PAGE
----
I knew what death was – after all we’d buried a whole cemetery worth of various pets in the garden – dogs, cats, budgies, hedgehogs, rabbits, sheep – but I never knew a person who died before. and I knew this was going to be a much bigger deal. We wouldn’t be burying Granny Hoban at the bottom of the garden. And while the bus bumped its way back to Ballinrobe and my sisters cried I cried too.
 
 
I cried because I wouldn’t see Granny Hoban again, but I cried too because I wasn’t sure what not seeing Granny Hoban again would actually be like. But mostly I cried because I was sure Mammy would be crying and Mammy crying was a rare and awful thing. I dreaded arriving home. Sr Frances said there’d be a lot of people in the house when we got there and I imagined my Mammy coming to the door to meet us, crying and sobbing terrifying grown-up tears, and inside in the sitting room there’d be lots of grown-ups, some of whom I’d know and some I wouldn’t, all sitting around crying quietly and looking sad and looking at me with big significant grown-up looks because I was a Granny orphan now. I didn’t want to go home.
 
 
And Mammy did come to the door to meet us. And we were still crying. But Mammy wasn’t crying. She was smiling and hugging us and telling us that Granny Hoban would be very proud about the trophy and inside in the sitting room there were lots of grown-ups like Sr Frances had said, but they weren’t crying either. They were drinking and chatting and laughing and eating sandwiches and biscuits and telling jokes and remembering that time Granny Hoban gave some fella a proper bollocking. It turned out it’s great craic when someone dies. There were no biscuits and sherry when Sunny the budgie died, and I hoped someone else would die soon because the biscuits were fancy.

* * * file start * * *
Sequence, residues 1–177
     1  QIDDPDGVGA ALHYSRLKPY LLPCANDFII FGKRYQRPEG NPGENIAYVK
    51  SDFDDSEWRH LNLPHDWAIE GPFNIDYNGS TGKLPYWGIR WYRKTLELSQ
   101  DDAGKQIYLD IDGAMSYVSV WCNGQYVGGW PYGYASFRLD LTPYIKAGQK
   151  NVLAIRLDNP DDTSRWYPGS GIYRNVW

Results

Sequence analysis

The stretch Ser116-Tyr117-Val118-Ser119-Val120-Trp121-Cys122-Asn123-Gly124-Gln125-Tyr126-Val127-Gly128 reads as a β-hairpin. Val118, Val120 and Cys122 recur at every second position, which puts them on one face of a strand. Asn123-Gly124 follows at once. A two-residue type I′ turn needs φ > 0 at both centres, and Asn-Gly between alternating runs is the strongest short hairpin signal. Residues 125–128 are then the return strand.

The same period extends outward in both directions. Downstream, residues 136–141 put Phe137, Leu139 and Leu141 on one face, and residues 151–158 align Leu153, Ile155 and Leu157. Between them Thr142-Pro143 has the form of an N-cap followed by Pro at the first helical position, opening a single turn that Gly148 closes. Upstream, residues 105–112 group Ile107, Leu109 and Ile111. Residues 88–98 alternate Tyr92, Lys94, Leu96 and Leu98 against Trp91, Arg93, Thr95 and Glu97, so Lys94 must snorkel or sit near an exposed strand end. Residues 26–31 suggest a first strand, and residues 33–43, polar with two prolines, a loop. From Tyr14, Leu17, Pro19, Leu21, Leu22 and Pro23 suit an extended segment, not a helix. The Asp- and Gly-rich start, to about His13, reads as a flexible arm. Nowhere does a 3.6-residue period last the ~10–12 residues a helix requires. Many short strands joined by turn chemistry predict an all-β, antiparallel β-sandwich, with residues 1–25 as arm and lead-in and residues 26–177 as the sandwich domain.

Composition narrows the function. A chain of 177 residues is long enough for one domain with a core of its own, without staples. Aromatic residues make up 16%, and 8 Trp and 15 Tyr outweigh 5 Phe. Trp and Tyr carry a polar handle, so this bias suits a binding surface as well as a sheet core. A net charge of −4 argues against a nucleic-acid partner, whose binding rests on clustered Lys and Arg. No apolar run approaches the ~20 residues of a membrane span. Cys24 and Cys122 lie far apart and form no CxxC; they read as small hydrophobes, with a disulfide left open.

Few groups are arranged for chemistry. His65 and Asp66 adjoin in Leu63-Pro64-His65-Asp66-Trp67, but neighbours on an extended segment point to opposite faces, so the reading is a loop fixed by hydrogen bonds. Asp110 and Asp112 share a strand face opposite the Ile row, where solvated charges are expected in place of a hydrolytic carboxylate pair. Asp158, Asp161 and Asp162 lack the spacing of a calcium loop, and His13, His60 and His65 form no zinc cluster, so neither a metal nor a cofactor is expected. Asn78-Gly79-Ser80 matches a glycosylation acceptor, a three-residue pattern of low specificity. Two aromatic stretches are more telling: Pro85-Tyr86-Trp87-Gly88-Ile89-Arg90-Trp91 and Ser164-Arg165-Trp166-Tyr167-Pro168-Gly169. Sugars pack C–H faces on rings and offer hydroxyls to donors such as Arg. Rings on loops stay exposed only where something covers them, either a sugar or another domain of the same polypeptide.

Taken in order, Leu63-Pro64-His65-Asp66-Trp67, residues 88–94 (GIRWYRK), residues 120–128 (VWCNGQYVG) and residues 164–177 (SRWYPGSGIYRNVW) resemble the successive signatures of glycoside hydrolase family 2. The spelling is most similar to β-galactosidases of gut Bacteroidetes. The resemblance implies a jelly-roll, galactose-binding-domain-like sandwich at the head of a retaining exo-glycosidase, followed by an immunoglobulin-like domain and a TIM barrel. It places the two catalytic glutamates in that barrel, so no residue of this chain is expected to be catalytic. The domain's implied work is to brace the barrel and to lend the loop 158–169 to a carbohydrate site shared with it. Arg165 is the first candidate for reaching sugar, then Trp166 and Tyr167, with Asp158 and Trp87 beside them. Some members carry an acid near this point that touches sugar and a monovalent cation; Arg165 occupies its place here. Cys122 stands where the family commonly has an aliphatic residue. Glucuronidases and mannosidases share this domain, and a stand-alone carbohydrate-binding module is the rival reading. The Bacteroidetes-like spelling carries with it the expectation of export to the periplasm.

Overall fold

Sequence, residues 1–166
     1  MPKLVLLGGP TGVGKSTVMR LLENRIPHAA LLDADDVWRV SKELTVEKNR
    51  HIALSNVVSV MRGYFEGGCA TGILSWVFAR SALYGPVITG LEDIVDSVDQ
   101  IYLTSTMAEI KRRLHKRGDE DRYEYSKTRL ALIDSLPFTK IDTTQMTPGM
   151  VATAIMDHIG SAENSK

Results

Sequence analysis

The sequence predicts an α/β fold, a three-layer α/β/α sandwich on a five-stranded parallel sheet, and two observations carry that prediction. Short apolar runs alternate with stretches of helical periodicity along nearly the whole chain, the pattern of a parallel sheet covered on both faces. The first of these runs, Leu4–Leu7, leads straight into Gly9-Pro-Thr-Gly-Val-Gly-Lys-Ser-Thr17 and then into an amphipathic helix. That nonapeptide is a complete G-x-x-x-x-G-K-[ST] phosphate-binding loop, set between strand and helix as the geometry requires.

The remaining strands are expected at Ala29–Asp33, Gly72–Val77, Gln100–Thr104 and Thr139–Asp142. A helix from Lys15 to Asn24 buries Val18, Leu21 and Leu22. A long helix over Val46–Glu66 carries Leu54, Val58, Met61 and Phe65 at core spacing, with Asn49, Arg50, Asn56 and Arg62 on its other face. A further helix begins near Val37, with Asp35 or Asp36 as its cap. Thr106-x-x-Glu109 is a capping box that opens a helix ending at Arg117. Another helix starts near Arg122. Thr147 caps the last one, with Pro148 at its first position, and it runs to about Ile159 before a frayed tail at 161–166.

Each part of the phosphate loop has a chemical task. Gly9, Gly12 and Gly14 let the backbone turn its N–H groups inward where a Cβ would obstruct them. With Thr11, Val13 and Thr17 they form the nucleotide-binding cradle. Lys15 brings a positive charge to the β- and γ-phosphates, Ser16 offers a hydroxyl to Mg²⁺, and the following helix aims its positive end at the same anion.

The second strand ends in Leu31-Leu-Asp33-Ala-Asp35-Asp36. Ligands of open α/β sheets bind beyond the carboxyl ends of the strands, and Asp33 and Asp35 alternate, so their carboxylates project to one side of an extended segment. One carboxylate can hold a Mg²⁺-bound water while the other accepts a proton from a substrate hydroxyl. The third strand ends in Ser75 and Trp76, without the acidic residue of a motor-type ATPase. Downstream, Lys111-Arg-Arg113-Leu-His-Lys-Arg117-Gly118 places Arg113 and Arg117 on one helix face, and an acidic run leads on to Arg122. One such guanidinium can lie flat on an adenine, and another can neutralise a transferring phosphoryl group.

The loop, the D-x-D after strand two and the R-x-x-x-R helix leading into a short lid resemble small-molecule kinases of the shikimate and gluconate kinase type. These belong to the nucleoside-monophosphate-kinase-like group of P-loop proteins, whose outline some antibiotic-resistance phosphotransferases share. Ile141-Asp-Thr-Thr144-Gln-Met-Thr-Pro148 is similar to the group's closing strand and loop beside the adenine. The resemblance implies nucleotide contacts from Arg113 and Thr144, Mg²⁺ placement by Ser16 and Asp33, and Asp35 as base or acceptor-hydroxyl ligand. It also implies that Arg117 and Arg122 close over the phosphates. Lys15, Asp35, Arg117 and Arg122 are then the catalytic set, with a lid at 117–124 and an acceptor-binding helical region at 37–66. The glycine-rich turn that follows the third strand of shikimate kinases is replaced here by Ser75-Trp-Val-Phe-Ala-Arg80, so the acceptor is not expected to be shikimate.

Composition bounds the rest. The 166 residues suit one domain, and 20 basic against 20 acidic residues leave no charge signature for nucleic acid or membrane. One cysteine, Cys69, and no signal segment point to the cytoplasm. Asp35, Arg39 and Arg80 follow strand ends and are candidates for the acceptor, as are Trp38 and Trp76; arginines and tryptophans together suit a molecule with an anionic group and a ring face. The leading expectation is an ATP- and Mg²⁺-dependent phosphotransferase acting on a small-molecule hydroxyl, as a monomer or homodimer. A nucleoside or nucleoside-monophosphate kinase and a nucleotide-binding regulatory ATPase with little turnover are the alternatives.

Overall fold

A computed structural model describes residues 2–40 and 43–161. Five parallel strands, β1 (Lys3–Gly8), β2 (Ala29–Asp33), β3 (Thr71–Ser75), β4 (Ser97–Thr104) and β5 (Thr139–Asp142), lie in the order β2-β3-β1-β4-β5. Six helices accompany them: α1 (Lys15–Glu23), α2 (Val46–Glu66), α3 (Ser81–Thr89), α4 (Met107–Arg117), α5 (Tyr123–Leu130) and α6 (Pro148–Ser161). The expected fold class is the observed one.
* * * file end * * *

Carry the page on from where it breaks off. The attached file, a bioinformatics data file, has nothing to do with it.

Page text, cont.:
Like everyone, as I got older, I became more familiar with death. There was Granny O’Neill whose hand I touched as she lay in the coffin on her bed and immediately felt better because that cool, plastic feeling hand was definitely not Granny O’Neill’s hand anymore. She was somewhere else, presumably better. Then there were neighbour’s and friend’s parents, and eventually friends.
 
 

A lot of friends when AIDS was decimating my community.

 
 
And I became familiar with death in other countries, other cultures, and I learned that we do death well in Ireland. Much better than in other places. My English friends worry they will be intruding at the funerals of acquaintances whose families they didn’t know. And they go back to work the day after their father passes and work for sometimes two weeks before the funeral happens. They worry about what to do and what to say.
 
 
We don’t. Everyone knows the rituals. We know what to do, and we know what to say. Neighbours gather, meals are made and delivered, drinks are raised, stories remembered, a life anecdoted. Lifts are organised, cars shared, removals to St Mary’s, hands shaken and we are sorry for your troubles.
 
 
The rituals are familiar and comforting. Everyone knows their role. They are easy and we are eased through loss.
 
 
And losing things is the human condition. As we grow older we lose our hair, our eyesight, our strength, our memory, our youth, our friends, our loved ones.
 
 


And if growing older is a process of losing things, growing wiser is perhaps learning how to cope with that loss.”